ATM mediates repression of DNA end-degradation in an ATP-dependent manner

Elias A. Rahal, Leigh A. Henricksen, Yuling Li, John Turchi, Katherine S. Pawelczak, Kathleen Dixon

Research output: Contribution to journalArticle

11 Citations (Scopus)

Abstract

Ataxia telangiectasia mutated (ATM) is a PI3-kinase-like kinase (PIKK) associated with DNA double-strand break (DSB) repair and cell cycle control. We have previously reported comparable efficiencies of DSB repair in nuclear extracts from both ATM deficient (A-T) and control (ATM+) cells; however, the repair products from the A-T nuclear extracts contained deletions encompassing longer stretches of DNA compared to controls. These deletions appeared to result from end-joining at sites of microhomology. These data suggest that ATM hinders error-prone repair pathways that depend on degradation of DNA ends at a break. Such degradation may account for the longer deletions we formerly observed in A-T cell extracts. To address this possibility we assessed the degradation of DNA duplex substrates in A-T and control nuclear extracts under DSB repair conditions. We observed a marked shift in signal intensity from full-length products to shorter products in A-T nuclear extracts, and addition of purified ATM to A-T nuclear extracts restored full-length product detection. This repression of degradation by ATM was both ATP-dependent and inhibited by the PIKK inhibitors wortmannin and caffeine. Addition of pre-phosphorylated ATM to an A-T nuclear extract in the presence of PIKK inhibitors was insufficient in repressing degradation, indicating that kinase activities are required. These results demonstrate a role for ATM in preventing the degradation of DNA ends possibly through repressing nucleases implicated in microhomology-mediated end-joining.

Original languageEnglish
Pages (from-to)464-475
Number of pages12
JournalDNA Repair
Volume7
Issue number3
DOIs
StatePublished - Mar 1 2008

Fingerprint

Ataxia Telangiectasia
Adenosine Triphosphate
Repair
Degradation
DNA
Phosphotransferases
Phosphatidylinositol 3-Kinases
Joining
T-cells
Corrosion inhibitors
Caffeine
Double-Stranded DNA Breaks
Cell Cycle Checkpoints
Cell Extracts
Cells
Substrates
T-Lymphocytes

Keywords

  • ATM
  • DNA degradation
  • Double-strand break repair
  • Microhomology-mediated end-joining
  • PI-3-kinase-like kinases

ASJC Scopus subject areas

  • Biochemistry
  • Molecular Biology

Cite this

Rahal, E. A., Henricksen, L. A., Li, Y., Turchi, J., Pawelczak, K. S., & Dixon, K. (2008). ATM mediates repression of DNA end-degradation in an ATP-dependent manner. DNA Repair, 7(3), 464-475. https://doi.org/10.1016/j.dnarep.2007.12.003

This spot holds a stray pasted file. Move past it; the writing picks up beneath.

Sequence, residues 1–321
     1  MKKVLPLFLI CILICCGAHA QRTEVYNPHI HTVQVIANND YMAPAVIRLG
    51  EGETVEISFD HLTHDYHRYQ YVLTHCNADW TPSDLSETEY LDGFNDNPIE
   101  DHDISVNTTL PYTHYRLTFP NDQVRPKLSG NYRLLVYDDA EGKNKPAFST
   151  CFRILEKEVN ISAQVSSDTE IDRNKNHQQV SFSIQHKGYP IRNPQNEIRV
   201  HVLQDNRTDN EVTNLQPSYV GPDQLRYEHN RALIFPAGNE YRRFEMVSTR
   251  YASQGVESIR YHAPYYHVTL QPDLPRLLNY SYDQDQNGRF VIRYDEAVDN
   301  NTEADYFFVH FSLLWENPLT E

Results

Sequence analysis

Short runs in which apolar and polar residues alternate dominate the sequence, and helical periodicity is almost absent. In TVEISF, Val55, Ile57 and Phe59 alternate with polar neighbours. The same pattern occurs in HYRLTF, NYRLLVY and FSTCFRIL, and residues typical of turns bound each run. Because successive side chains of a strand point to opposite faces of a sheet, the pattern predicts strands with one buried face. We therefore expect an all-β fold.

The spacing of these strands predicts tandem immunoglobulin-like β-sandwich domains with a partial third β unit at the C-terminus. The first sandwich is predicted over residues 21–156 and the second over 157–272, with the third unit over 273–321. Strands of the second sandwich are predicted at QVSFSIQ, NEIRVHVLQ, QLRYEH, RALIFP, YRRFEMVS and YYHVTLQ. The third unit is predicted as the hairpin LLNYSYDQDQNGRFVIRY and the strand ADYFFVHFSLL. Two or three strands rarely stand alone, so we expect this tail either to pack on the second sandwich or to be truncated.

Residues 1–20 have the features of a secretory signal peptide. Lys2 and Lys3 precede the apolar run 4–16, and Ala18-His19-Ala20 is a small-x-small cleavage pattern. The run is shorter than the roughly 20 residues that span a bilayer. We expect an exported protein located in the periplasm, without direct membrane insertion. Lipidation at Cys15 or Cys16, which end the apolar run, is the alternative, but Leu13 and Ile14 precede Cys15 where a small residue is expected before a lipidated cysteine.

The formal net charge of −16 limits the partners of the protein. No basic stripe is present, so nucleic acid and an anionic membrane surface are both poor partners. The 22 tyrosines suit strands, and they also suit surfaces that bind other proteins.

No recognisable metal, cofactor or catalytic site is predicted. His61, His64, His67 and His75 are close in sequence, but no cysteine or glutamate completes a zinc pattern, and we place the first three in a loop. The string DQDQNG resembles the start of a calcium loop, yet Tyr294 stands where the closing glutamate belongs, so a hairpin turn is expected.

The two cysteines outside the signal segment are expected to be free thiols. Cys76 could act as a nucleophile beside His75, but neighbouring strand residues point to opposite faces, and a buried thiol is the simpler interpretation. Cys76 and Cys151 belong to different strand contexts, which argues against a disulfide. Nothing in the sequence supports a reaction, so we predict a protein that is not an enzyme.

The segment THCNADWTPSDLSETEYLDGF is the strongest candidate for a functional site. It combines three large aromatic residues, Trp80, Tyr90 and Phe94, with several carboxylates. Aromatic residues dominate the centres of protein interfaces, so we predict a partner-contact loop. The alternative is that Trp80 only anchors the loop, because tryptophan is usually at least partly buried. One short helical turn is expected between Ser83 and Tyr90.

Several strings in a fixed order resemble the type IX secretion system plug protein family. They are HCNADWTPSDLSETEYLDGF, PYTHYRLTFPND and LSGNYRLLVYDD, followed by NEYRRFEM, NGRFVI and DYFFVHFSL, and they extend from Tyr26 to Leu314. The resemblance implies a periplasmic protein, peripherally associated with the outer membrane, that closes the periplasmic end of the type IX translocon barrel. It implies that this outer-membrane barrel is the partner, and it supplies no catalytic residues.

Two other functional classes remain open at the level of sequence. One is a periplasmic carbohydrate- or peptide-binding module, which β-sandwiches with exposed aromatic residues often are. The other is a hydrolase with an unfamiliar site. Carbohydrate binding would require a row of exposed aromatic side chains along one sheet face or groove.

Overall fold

ATM mediates repression of DNA end-degradation in an ATP-dependent manner. / Rahal, Elias A.; Henricksen, Leigh A.; Li, Yuling; Turchi, John; Pawelczak, Katherine S.; Dixon, Kathleen.

In: DNA Repair, Vol. 7, No. 3, 01.03.2008, p. 464-475.

Research output: Contribution to journalArticle

Rahal, EA, Henricksen, LA, Li, Y, Turchi, J, Pawelczak, KS & Dixon, K 2008, 'ATM mediates repression of DNA end-degradation in an ATP-dependent manner', DNA Repair, vol. 7, no. 3, pp. 464-475. https://doi.org/10.1016/j.dnarep.2007.12.003
Rahal, Elias A. ; Henricksen, Leigh A. ; Li, Yuling ; Turchi, John ; Pawelczak, Katherine S. ; Dixon, Kathleen. / ATM mediates repression of DNA end-degradation in an ATP-dependent manner. In: DNA Repair. 2008 ; Vol. 7, No. 3. pp. 464-475.
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AB - Ataxia telangiectasia mutated (ATM) is a PI3-kinase-like kinase (PIKK) associated with DNA double-strand break (DSB) repair and cell cycle control. We have previously reported comparable efficiencies of DSB repair in nuclear extracts from both ATM deficient (A-T) and control (ATM+) cells; however, the repair products from the A-T nuclear extracts contained deletions encompassing longer stretches of DNA compared to controls. These deletions appeared to result from end-joining at sites of microhomology. These data suggest that ATM hinders error-prone repair pathways that depend on degradation of DNA ends at a break. Such degradation may account for the longer deletions we formerly observed in A-T cell extracts. To address this possibility we assessed the degradation of DNA duplex substrates in A-T and control nuclear extracts under DSB repair conditions. We observed a marked shift in signal intensity from full-length products to shorter products in A-T nuclear extracts, and addition of purified ATM to A-T nuclear extracts restored full-length product detection. This repression of degradation by ATM was both ATP-dependent and inhibited by the PIKK inhibitors wortmannin and caffeine. Addition of pre-phosphorylated ATM to an A-T nuclear extract in the presence of PIKK inhibitors was insufficient in repressing degradation, indicating that kinase activities are required. These results demonstrate a role for ATM in preventing the degradation of DNA ends possibly through repressing nucleases implicated in microhomology-mediated end-joining.

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